2013-Apr-19 - Using Phones/SMS as 2FA - Why I a not a believer

We often complain that TCP/IP is not secure and was not designed with security in mind. And that’s why we are in the security mess that we currently are. However, have you ever looked at phone networks? Or how SMS works? Talk about not considering security in a design...

However, we often rely on phones as a secure medium for password resets and two-factor authentication. That’s why I am not a believer and I actually avoid it whenever possible.

And not only the phone networks, but the phone companies are really bad at security:

  • Your voicemail is protected by only a 4-digit PIN. And on most carriers you can access your voicemail remotely.
  • Easy to phish. If you know some basic information about the person, you can get the PIN changed.
  • Easy to spoof. It is very easy to spoof an SMS message. There is no SSL or certificate to verify where it really came from.

A good example showing this insecurity happened to CloudFlare:

” AT&T was tricked into redirecting my voicemail to a fraudulent voicemail box; Google’s account recovery process was tricked by the fraudulent voicemail box and left an account recovery PIN code that allowed my personal Gmail account to be reset; “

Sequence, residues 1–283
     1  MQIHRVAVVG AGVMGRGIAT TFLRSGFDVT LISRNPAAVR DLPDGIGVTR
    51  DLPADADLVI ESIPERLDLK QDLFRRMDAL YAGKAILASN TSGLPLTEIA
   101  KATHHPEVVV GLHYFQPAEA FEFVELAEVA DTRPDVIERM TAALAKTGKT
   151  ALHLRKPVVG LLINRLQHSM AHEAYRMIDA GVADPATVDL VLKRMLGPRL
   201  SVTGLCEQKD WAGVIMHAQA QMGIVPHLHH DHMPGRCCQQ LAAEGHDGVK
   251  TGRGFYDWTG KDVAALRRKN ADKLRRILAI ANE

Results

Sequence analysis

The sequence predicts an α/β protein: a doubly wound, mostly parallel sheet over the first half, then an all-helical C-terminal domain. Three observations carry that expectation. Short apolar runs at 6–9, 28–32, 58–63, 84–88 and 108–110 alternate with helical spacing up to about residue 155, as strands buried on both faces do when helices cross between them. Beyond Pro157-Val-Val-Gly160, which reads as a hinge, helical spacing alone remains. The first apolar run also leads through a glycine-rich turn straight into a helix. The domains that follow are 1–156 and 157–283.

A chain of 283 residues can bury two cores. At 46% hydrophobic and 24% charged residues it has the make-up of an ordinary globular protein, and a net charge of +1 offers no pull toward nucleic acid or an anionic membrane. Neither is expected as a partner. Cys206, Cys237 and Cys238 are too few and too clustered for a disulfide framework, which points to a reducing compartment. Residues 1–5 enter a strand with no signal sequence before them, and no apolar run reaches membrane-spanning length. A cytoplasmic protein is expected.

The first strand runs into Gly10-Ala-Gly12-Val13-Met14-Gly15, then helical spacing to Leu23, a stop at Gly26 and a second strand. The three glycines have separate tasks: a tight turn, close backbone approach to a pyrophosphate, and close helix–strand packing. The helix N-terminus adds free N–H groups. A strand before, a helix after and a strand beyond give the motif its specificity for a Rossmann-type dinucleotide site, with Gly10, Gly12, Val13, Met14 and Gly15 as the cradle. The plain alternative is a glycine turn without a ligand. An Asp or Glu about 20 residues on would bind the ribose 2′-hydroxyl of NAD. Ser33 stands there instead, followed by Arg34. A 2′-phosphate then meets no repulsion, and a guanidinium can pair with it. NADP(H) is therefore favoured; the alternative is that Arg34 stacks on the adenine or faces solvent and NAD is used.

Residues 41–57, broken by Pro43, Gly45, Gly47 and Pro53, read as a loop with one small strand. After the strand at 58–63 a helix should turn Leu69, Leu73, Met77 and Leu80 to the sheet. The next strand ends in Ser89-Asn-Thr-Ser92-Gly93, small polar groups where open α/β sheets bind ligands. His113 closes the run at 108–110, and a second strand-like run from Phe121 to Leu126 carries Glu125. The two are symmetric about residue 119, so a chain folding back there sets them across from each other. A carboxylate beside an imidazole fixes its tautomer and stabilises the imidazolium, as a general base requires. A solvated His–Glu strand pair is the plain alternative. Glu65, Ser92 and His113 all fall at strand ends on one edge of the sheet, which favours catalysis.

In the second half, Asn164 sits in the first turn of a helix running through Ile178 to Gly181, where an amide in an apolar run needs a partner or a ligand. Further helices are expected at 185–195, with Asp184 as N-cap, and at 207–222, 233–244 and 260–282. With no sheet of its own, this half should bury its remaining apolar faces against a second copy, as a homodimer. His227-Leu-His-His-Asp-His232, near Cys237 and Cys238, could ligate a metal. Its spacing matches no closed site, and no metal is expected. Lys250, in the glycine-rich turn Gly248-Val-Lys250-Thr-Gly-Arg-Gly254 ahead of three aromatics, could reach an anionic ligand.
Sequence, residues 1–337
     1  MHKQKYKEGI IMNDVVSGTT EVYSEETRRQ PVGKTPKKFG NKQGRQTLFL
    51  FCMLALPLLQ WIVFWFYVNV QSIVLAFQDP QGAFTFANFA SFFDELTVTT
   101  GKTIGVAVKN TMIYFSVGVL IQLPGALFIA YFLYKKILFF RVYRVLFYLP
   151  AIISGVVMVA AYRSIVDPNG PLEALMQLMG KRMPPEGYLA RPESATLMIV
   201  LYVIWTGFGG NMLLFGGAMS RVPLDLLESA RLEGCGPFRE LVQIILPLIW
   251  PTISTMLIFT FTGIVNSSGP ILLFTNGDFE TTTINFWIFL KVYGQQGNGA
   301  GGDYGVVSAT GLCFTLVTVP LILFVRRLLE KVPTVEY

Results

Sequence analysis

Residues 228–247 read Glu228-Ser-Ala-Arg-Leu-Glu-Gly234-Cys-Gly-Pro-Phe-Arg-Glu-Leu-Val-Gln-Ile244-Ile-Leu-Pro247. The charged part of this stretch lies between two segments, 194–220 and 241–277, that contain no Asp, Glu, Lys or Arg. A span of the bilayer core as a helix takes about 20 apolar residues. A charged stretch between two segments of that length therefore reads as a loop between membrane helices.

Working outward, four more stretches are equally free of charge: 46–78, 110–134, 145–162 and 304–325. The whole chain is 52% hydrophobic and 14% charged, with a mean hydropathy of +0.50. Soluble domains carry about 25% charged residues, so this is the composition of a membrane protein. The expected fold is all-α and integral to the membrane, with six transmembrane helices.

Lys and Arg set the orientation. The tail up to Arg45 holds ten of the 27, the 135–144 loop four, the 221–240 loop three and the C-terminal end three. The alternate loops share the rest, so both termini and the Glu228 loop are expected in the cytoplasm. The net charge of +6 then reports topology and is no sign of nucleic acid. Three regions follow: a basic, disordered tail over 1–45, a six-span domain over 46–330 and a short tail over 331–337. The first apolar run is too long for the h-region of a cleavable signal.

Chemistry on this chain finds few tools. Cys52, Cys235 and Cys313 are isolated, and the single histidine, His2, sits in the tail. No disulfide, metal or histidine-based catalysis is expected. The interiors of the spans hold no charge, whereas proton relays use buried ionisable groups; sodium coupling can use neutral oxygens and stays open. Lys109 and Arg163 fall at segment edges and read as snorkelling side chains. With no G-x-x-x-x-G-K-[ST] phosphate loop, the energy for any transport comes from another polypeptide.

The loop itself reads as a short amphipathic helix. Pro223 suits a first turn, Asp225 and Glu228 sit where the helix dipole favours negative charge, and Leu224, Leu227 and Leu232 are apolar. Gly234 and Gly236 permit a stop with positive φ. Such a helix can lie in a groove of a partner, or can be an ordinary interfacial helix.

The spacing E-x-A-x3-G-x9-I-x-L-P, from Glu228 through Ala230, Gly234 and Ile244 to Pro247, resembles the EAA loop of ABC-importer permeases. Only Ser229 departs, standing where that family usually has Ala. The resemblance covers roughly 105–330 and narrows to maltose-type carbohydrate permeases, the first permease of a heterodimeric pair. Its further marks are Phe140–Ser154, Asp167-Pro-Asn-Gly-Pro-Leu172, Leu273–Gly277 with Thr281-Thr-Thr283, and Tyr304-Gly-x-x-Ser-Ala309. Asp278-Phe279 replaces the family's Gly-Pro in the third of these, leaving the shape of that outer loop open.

So if you are relying on your phone or SMS to reset your passwords or for 2FA, think again. You might be opening yourself for more problems.

What should I use for 2FA

If you are looking to use 2FA, those are the options I suggest:

  1. Hardware-based devices. If you have the option to use RSA SecurID or Gemalto devices (used by Amazon), use them first.
  2. Google Authenticator. If a hardware-based device is not available, look for Google authenticator. Yes, it is an app on your phone, but it does not use SMS or rely on the phone network to authenticate you. They use time-based OTP instead, which is much better.
  3. IP-based authentication. This one can be used in conjunction with the others. If you can provide an IP address or IP range that is allowed, use that as well.
  4. No 2FA. If the only option available is SMS or call-based authentication, do not use 2FA. If you are using a service that allows multiple authentication choices, and it has a fall back mechanism allowing the user to choose a weak form of authentication, do not use it as well.

And please remember 2FA is not a substitute for a good password policy. Choosing uniques and good passwords is still the best option.

By Daniel B. Cid - Tags: sec - Notes index.

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